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Kazakh Report: June 19, 2002


19 June 2002

GHALYMZHAN ZHAQIYANOV'S CONDITION ALARMING: KAZAKH POLITICIANS
Pokoleniye (Generation) movement leader Irina Savostina, AZAT leader Ersain Erqozha, and Marzhan Aspandiarova of the AZAMAT party visited Pavlodar this week in order to assess the condition of former Pavlodar Oblast governor Ghalymzhan Zhaqiyanov. On June 19 they held a press conference at the Almaty-based office of the opposition movement Kazakhstan's Democratic Choice (DVK), where they told journalists that they were not allowed to enter the Pavlodar Clinic where Zhaqiyanov is reportedly undergoing treatment. According to Erqozha, the clinic's entrance was guarded by OMON soldiers and eight investigators were inside the clinic reportedly "working with Ghalymzhan Zhaqiyanov."

Aspandiarova said that she had received information that Zhaqityanov has been treated for some time with injections of the powerful sedatives Relanium and Dimedrol, but she has no information concerning the frequency of such treatments or the dosage. She said Zhaqiyanov is forced to "get acquainted with the 12 volumes of his case while being under the influence of strong sedatives." Zhaqiyanov is accused of financial crimes while serving as governor of Pavlodar Oblast.

LEADER OF DVK PAVLODAR BRANCH APPEALS TO RUSSIAN PRESIDENT
Gennadii Bondarenko, who heads the DVK branch in Pavlodar, said on 19 June that he has sent an open letter to Russian President Vladimir Putin and to Russian State Duma speaker Gennadii Seleznev asking them to protect him and his comrades. Bondarenko said his movement is a political organization standing for Kazakhstan's sovereignty and independence, but the political pressure exerted on DVK by the local authorities gives its members no other choice than to seek protection in neighboring countries. He called on the Russian leadership to be involved in political developments in Kazakhstan.

KAZAKH PARLIAMENT AGAIN FAILS TO ADOPT DRAFT LAW ON POLITICAL PARTIES
Deputies of the Mazhilis (the Lower Chamber of Kazakhstan's parliament) tried to discuss the draft law on political parties on June 19. A group of parliament deputies has been pushing the idea of introducing a new law on political parties, according to which any political party should have at least 50,000 members and have at least 10 per cent votes in the country in order to be eligible for legal registration. A lively debate took place but the draft was not put to a vote.

DEATH PENALTY DISCUSSED IN ALMATY.
The chairwoman of the Almaty-Helsinki organization, Ninel Fokina, well known Kazakh lawyer Zhan Kursekin, and Ersin Aqbayev, whose two brothers are under sentence of death, held a press conference in Almaty on 19 June at which they noted that capital punishment is banned in 74 countries, in 15 countries the death penalty may be handed down only in time of war, and 24 countries, including Russian Federation have been observing a moratorium on the death penalty for several years. The death penalty still exists in 84 countries including Kazakhstan.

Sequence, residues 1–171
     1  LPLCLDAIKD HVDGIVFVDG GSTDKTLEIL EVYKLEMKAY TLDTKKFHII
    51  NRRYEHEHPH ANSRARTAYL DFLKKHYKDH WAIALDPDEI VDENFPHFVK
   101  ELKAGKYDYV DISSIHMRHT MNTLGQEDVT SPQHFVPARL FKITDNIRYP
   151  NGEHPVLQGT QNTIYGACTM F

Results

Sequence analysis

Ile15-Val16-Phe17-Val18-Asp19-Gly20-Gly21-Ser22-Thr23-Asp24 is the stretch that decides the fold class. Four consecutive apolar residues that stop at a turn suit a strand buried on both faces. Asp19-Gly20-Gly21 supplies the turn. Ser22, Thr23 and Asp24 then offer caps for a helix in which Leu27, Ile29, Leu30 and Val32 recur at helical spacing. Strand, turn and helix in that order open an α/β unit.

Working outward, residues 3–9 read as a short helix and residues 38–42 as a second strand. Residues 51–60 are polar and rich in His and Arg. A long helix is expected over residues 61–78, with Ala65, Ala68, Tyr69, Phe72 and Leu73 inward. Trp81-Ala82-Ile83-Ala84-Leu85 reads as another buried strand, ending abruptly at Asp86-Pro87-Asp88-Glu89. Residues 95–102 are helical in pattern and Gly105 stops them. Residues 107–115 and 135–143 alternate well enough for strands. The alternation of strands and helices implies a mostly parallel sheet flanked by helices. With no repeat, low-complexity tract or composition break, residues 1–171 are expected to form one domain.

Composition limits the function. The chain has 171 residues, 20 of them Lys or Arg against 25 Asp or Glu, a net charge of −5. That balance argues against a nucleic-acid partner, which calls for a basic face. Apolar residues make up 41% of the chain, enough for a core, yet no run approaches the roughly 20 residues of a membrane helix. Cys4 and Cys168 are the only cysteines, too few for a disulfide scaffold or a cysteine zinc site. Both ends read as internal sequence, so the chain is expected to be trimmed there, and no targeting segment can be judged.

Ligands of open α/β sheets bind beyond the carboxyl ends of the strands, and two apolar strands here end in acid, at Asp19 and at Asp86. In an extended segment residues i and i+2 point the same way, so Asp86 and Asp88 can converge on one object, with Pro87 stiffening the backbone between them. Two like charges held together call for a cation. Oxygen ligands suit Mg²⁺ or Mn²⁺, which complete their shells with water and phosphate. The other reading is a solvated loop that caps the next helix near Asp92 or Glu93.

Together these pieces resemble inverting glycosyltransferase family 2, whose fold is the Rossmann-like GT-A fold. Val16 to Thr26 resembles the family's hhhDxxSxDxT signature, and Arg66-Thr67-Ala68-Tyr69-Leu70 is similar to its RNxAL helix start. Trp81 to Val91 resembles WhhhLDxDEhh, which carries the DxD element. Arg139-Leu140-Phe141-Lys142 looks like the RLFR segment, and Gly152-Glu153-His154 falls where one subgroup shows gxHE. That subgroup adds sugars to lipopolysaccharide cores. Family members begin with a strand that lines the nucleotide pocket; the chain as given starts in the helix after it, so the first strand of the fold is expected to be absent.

Kursekin said that the main contradiction in the Kazakh Constitution is between the article affirming that "human beings are Kazakhstan's main asset" and that stating that "the death penalty is possible in Kazakhstan."

Aqbayev said that his two brothers and one other person were convicted of killing a Customs officer in South Kazakhstan, and that all three of them were sentenced to death. "Only in the world's most cruel and strict legislation called Shariat (Muslim Law) three persons' lives could be taken for the life of one murdered," Aqbayev said. In 2000, forty criminals were found guilty and sentenced to death in Kazakhstan. Only in three cases was the death penalty commuted to long term imprisonment. As for the rest, their verdicts were carried out. In 2001 two of 39 persons sentenced to death in Kazakhstan were left alive, all the rest were shot. Currently about 40 persons are waiting in Kazakh jails either for implementation or for the commuting of their sentence.

LENIN'S STATUE REMOVED FROM OSKEMEN CITY CENTER
A monument to Lenin was removed from the central square in Oskemen (Ust'-Kamenogorsk) on June 18. It is the first time a monument to a Soviet-era leader has been removed in the town. The first statue of Lenin to be removed in Kazakhstan was that in Semey (Semipalatinsk), then center of Semey Oblast, in 1995 on the order of Ghalymzhan Zhaqiyanov, who served as Semey governor in 1994-1995. Monuments to such Soviet leaders as Yakov Ushanov, Sergey Kirov and others still stand in the central part of Oskemen and some other major towns in Kazakhstan.

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